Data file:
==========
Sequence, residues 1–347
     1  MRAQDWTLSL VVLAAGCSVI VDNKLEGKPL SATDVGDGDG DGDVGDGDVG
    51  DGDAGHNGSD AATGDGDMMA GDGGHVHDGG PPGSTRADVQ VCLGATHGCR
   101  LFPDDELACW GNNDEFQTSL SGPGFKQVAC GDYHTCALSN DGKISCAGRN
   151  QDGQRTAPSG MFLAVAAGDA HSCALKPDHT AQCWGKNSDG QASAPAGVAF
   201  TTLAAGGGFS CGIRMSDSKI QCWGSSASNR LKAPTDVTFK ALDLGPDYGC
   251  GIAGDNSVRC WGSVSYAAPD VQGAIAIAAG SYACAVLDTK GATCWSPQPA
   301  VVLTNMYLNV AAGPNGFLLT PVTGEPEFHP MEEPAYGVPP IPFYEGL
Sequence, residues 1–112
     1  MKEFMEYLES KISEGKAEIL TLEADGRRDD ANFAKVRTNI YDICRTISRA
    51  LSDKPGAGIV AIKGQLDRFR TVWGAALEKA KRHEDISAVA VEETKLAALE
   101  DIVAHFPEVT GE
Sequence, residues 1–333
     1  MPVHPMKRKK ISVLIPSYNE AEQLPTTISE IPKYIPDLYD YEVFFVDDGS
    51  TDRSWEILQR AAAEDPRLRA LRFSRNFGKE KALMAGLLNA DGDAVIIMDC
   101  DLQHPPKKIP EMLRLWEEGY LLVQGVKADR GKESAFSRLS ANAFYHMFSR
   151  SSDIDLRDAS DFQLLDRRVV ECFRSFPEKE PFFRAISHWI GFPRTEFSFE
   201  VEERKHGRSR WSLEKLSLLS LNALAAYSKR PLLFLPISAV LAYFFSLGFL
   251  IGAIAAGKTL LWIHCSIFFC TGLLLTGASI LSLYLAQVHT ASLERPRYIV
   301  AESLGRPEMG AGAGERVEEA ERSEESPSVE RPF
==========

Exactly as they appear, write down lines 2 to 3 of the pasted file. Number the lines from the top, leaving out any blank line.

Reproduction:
     1  MRAQDWTLSL VVLAAGCSVI VDNKLEGKPL SATDVGDGDG DGDVGDGDVG
    51  DGDAGHNGSD AATGDGDMMA GDGGHVHDGG PPGSTRADVQ VCLGATHGCR